http://www.geoffreyrockwell.com/PRportfolio/.

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Mar 15 2010

Looking for St. Paul on the Appian Way

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When Paul was taken to Rome as a prisoner, Luke tells us in Acts 28:15 that Paul was coming up the Appian Way from Naples with his guards, and that the Christians in Rome  “had heard that we were coming, and they traveled as far as the Forum of Appius and the Three Taverns to meet us. At the sight of these men Paul thanked God and was encouraged.”  I had hoped to go out the Via Appia sometime during our time in Rome, and try to find the site of these ancient settlements.  At one of the lectures I attended, I met a New Testament scholar named Karl Donfried who had arranged for just such a trip. He had a local contact, a catholic priest who lived in the area, who was going to arrange for a car. They were kind enough to allow us to join the expedition.

I spent a half day getting ready at the library.  We have some late antique maps and itineraries that listed all the stations along the most important Roman roads, for they also served as the imperial pony-express system.  According to these, the city of Arricia was the first stop, 16 Roman miles south of Rome, followed by the Three Taverns (Tres Tabernae) 17 miles further on, then the Forum of Appius 10 miles further, then Terracina 18 miles beyond.  While Arricia and Terracina still exist with the same names, the two stops in between, the two mentioned in Acts, are not on the map.  But armed with the Roman measurements, I calculated that the 61 Roman miles were equal to 56 modern miles, and using Google Earth, I was able to approximate where each of the spots would be.

We had a beautiful sunny spring day for our outing, with the temperature close to 60.  After taking a local train from Rome to Cecchina, we were met by the priest and loaded into his car.  We first went looking for the southernmost of the two locations, the Forum of Appius, which we thought should be near the modern village of Borgo Faiti.  The church in the town was not dedicated to St. Paul, but had two large paintings on each side of the front wall – one of St. Paul on the road to Damascus, the other of Paul on the Rome to Rome.  He was shown with his guards, but also being greeted by local Christians.  But otherwise, there was little to tie this village to the ancient Forum of Appius.

We asked for a map at the only store in town, and the kind man told us that a former priest of the village had written a book about Paul’s visit here.  He did not have a copy, but while we waited, he dashed off to find the present priest, returning in 15 minutes with a copy of the book for each of us.  Following the map in the book, we soon located three Roman inscriptions at quarter mile intervals along the road.  Two were announcements that the Emperor Trajan had paid for repairs to the road at the end of the first century; the third was a milestone, with the number 43 clearly written on, and still apparently in its original location (in situ, as an archeologist would say).  Since our sources had said that the Forum of Appius was 43 Roman miles from Rome, we had hit paydirt!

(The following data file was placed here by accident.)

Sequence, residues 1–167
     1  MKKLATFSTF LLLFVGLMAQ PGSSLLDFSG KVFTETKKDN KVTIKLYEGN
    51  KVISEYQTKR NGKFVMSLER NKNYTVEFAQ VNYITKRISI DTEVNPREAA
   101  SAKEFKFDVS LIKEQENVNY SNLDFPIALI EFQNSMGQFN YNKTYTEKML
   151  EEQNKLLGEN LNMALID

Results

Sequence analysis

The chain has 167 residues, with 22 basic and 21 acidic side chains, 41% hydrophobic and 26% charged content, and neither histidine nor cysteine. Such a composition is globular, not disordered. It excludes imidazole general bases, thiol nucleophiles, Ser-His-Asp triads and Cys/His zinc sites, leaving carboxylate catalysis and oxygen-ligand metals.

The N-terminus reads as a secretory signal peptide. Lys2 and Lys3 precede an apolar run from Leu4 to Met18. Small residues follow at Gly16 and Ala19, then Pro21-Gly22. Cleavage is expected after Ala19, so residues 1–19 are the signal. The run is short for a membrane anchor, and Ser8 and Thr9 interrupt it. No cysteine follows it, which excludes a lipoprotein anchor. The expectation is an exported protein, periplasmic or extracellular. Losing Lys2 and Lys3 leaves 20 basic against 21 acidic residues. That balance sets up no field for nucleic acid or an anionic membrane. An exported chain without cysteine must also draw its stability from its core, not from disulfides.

dscn5609

Milepost XLIII

I was asked then how Paul had traveled up this far  — on foot, or in a cart?  Both are possible, but he could also have come this far in a boat.  In ancient times, this was the center of the Pontine Marshes, a swampy area through which the Via Appia ran straight as an arrow.  Starting at this point, and extending to the south, the road had a canal along side of it. (It’s still there, and we watched men fishing in it.) The Roman poet Horace (in his Satires, Book 1.5) tells how travelers could take a night express across the marshes – sleeping in a boat which would be pulled by mules down the canal during the night.  So if Paul could afford it, he may have gone the first stretch by boat.

Did Paul ride here?

Did Paul ride here?

We then headed north to look for the Three Taverns.  Along the way we found another milestone, but the distance it marked was no longer legible.  At the 10-mile point, where the Three Taverns should have been, the road jogged to the left and entered the large town of Cisterna.  I suspected in was at this poinnt, at an intersection just south of the modern city, that the ancient staging post would have been, but we were unable to find any confirmation.  We asked in the town, but no one could provide any information.  So armed with better maps and more research, I look forward to another expedition sometime in the future.  For the present, it was exciting to know we had walked at least a few paces in the footsteps of the great Apostle.

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Mar 10 2010

Two Most Unusual Saints

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Rome is a city of churches, and we have visited a lot of them – some for their beautiful architecture (St. Ivo designed by B0rromini), some for the works of art displayed in them (St. Augustino with a painting of Caravaggio), and some for their historical significance (St. Paul outside the Walls, thought to be built over the grave of that great apostle).  Our stay is only half over and my computer’s collection of photos has exactly 50 subfolders, 1 for each of the churches we’ve visited!

I noticed that almost all the churches we’ve visited so far are named after saints, except Gesu, the Baroque Jesuit church named for Jesus himself.  Most of you have heard of St. Peter’s, and Saint Mary (Maggiore), and St. John (Lateran), but Rome is filled with just as many churches named in honor of local, and at times rather obscure, saints.  St Agnes and St. Cecilia are the two most famous local female martyrs from the early church; St. Lawrence and St. Clement perhaps the two most famous male saints.  But few people even in Rome know much about St. Vito, St. Nero, St. Achilles, St. Susanna, or St. Pudenziana.  This past Sunday we visited two churches dedicated to two of the strangest saints around – St. Bibiana (or Vivian), and St. Eusebius.